Isaac Asimov's Treasury of Humor: 640 Jokes, Anecdotes, and Limericks, Complete with Notes on How to Tell Them
- Isaac Asimov (author)
- Original language:
- Houghton Mifflin
- Publication year:
As advertised on the front cover, the book contains 640 jokes, anecdotes, and limericks, complete with notes on how to tell them. The jokes are sorted into eleven chapters (Anticlimax, Shaggy Dog, Paradox, Put-down, Word Play, Tables Turned, Jewish, Ethnic, Religion, Marriage, and Bawdy), more or less successfully (apparently it's hard to classify jokes).
Most of the jokes are pretty good, and some stand out. Here's a little selection:
Science has a language of its own which sometimes puzzles laymen. The word "obvious" is a case in point.
Thus a professor of physics, deriving some profound point of theory for the class, scribbled an equation on the board and said, "From this, it is obvious that we can proceed to write the following relationship —" and he scribbled a second equation on the board.
Then he paused. He stared hard at the two equations and said, "Wait a while. I may be wrong —"
He sat down, seized a pad and started to write furiously. He paused for thought, crossed out what he had written, and began over. In this fashion, half an hour passed while the class held its breath and sat in absolute silence.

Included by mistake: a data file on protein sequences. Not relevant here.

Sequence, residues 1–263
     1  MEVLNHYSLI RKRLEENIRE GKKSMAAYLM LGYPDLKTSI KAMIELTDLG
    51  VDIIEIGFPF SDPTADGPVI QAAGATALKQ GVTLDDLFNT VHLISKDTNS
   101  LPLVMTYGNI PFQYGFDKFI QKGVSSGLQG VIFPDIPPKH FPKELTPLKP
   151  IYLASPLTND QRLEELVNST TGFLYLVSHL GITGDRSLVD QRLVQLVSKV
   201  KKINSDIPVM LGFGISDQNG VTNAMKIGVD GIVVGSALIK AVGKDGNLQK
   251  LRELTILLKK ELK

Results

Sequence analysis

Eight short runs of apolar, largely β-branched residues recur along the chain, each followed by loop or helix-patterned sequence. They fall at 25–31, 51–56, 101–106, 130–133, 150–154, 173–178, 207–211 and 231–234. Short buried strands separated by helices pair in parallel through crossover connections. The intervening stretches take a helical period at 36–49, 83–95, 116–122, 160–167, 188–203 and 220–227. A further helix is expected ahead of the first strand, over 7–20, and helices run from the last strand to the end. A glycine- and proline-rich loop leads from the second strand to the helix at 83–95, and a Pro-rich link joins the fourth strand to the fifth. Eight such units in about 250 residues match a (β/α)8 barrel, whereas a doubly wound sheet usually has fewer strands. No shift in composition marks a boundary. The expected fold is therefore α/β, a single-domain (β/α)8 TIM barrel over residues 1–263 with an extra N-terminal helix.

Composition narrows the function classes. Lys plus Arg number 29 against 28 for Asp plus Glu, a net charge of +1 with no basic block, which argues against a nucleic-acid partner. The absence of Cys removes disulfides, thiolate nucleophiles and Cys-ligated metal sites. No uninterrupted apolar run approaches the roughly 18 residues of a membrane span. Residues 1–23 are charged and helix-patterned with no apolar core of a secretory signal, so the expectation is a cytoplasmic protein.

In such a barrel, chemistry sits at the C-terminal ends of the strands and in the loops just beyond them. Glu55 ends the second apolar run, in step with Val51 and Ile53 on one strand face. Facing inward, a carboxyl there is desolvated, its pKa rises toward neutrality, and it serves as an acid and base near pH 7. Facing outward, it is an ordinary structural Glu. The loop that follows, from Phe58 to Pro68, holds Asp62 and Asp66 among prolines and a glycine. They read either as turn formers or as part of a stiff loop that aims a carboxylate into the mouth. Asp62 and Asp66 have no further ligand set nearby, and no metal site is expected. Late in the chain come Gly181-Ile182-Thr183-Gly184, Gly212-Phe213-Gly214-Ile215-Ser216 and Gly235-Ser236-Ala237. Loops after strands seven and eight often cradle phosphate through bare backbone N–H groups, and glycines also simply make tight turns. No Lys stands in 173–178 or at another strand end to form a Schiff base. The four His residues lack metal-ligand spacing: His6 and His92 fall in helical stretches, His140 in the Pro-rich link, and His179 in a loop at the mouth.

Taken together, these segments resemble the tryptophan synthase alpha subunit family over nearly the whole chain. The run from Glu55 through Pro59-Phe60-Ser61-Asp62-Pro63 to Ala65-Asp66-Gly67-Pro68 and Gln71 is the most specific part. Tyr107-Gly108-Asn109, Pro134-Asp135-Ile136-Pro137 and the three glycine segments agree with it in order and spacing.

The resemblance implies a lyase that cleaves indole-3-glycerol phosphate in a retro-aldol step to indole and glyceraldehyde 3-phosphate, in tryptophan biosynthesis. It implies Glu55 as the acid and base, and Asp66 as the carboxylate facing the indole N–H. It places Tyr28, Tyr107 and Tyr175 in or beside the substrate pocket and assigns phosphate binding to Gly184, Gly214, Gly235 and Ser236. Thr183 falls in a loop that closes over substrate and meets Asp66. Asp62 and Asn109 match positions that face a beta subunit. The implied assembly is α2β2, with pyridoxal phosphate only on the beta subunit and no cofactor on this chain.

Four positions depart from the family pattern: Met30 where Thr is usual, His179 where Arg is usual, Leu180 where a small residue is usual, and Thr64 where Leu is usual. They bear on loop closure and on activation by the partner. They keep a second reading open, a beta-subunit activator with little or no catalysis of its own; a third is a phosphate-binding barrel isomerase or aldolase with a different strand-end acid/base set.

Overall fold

Finally, the professor rose with an air of satisfaction and said, "Yes, I was right in the first place. It is obvious that the second equation follows from the first."
Two gentlemen, both hard of hearing and strangers to each other, were about to ride the London Underground. One of them, peering at the station they were entering, said, "Pardon me, sir, but is this Wembley?"
"No," said the other, "Thursday."
"No, thank you," said the first, "I've already had my little drink."
The Latin professor arrived home in a state of utter confusion, and much the worse for wear. His jacket was torn, his trousers muddy, his hat a battered ruin, his eyeglasses bent askew.
His wife ran to him, startled. "Septimus," she cried, "whatever has happened to you?"
"Why, my dear," said the professor, seating himself carefully, "I scarcely know. I was passing the corner of Second and Main when, without provocation of any sort on my part, I was suddenly assaulted by two hoodla."
The curator of one zoo was shipping several animals to another zoo, and wrote an accompanying letter which said in part, "Included are the two mongeese you asked for."
The curator paused. "Mongeese" looked funny.
He tore up the letter and tried again, saying, "Included are the two mongooses you asked for."
That looked funny, too.
After long thought, the curator began a third time and now completed it without trouble. He wrote in part, "Included is the mongoose which you requested. Included is also the other mongoose which you also requested."
Tell me why the stars do shine;
Tell me why the ivy twines;
Tell me why the skies are blue;
And I will tell you why I love you.
Nuclear fusion makes the stars to shine;
Tropisms make the ivy twine;
Rayleigh scattering makes skies so blue;
Testicular hormones is why I love you.
I highly recommend the book.
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- Table of Contents:
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- I Anticlimax
- II Shaggy Dog
- III Paradox
- IV Put-Down
- V Word Play
- VI Tables Turned
- VII Jewish
- VIII Ethnic
- IX Religion
- X Marriage
- XI Bawdy